The biggest change has been that putting a true value on miles has gotten easier than ever. It used to be we’d rely on an “expert” to put his/her valuation on miles. I think that the entire process has become much clearer, and the value much less opaque. Miles are really “worth” what someone will pay you for them, and that information is nearly public knowledge at this point. In almost all cases they’re not worth nearly what you *think* they’re worth. So then the decision becomes do you keep them until they’re worth what you think they are? or do you sell them now and pocket a known amount?
This is not dissimilar to the question almost every brokerage will ask you when you open an account. They’re looking to gauge your risk tolerance, and so they ask something like this:
- “If your holdings went down 50% in one day, what would you do?”
- A. Sell all of it
- B. Buy More of it
- C. Do Nothing.
The answer you pick is supposed to determine if you’re Risk Averse (A), Risk Tolerant (B) or somewhere in between (C). So consider the same question for miles/points:
- If your preferred airline devalued their award chart by 50% tomorrow what would you do?
- A. Spend all your miles and hold almost none/decrease earning.
- B. Earn more of those specific miles
- C. No change, keep what you have and make no changes.
Now the answer to the above is not likely as clear cut as if you were holding a stock. For starters, stocks can recover; miles are almost never revalued, a word that sounds so silly because it almost never happens. BUT you might find a better use for them in the future, increasing their value relative to you, even as their intrinsic value continues to decline. In that way a buy/hold strategy *could* work for you after a devaluation.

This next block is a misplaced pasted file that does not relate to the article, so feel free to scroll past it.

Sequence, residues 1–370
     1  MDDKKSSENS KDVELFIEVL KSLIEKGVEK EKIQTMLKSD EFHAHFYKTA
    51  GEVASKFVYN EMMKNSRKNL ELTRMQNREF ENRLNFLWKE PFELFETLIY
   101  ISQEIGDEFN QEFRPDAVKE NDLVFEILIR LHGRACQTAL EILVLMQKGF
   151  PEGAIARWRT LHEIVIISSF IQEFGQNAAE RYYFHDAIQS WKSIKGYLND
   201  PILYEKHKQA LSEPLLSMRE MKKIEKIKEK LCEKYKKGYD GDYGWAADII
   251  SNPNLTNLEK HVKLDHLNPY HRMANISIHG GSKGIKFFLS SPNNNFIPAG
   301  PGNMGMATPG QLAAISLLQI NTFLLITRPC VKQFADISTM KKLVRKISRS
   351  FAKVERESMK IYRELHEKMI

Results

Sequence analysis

Also the *most* stable time for a mileage is actually right after a devaluation. Because airlines hold all the chips, they could do what i like to call “no knock” devaluations. The longer amount of time between devaluations the less stable the award chart actually is, long term.
What to Hold and Why?
What you should hold and what I should hold are almost certainly not the same. I’m flying with a baby, you might be flying alone, or on a honeymoon. I live and fly out of LAX almost exclusively, if you live somewhere else and call another airport your home you’ll probably want something that aligns with that airport. I’m heavy on Southwest flights because I’m in a WN heavy market.
Part of why I am excited that Robert is on board here at Milenomics is that he represents an alternative viewpoint, but also an alternate coast. He lives far enough away that he’ll bring an east coast bias to a site that was pretty exclusively west coast biased. (I did give LAX the #2 spot in this post almost purely because I live here).
I’ve long advocated that you should be reading local blogs, and for good reason. So much of burning miles is location dependent. Case in point: why earn southwest points (or a CP) if your nearest airport they service is far away? If you read national blogs you’ll hear that the CP is universally a great ‘deal’ (FREE FLIGHTS!). I’ve still yet to earn the pass myself–the prospect of doing so just doesn’t jive with the amount of travel I’m doing and the number of points I’d be locking up into Southwest, remember for me frequent flyer miles are flexible-flyer miles.
As for me, I have low 6 figures locked into some foreign (Asian carriers) from cancelled flights (yuck). I’m holding semi-significant AS, UR and MR, and…that’s about it. I long ago switched to cashback, as my balances and ability to manufacture miles outstripped my need for those miles. I was fortunate in being able to get rid of a good chunk of AA miles flying TN to CDG, but I still hold too many AA miles–they’re just near impossible to use for me. I also have a small kitty of SPG points which I use from time to time.
I’m just too bearish on any specific mileage currency right now; and as I outlined in my 2018 crystal ball post, there’s just too many great cheap flights that knock the value of miles down below the value of cash.
If I become bullish on any one currency I’ll be sure to make it known here, and if you’re bullish on anything specific leave a comment as to why that is.
– Written by Sam Simon. All ideas are my own, but I encourage you to see my point of view and I promise I’ll try to do the same. Connect with me on Twitter @Milenomics.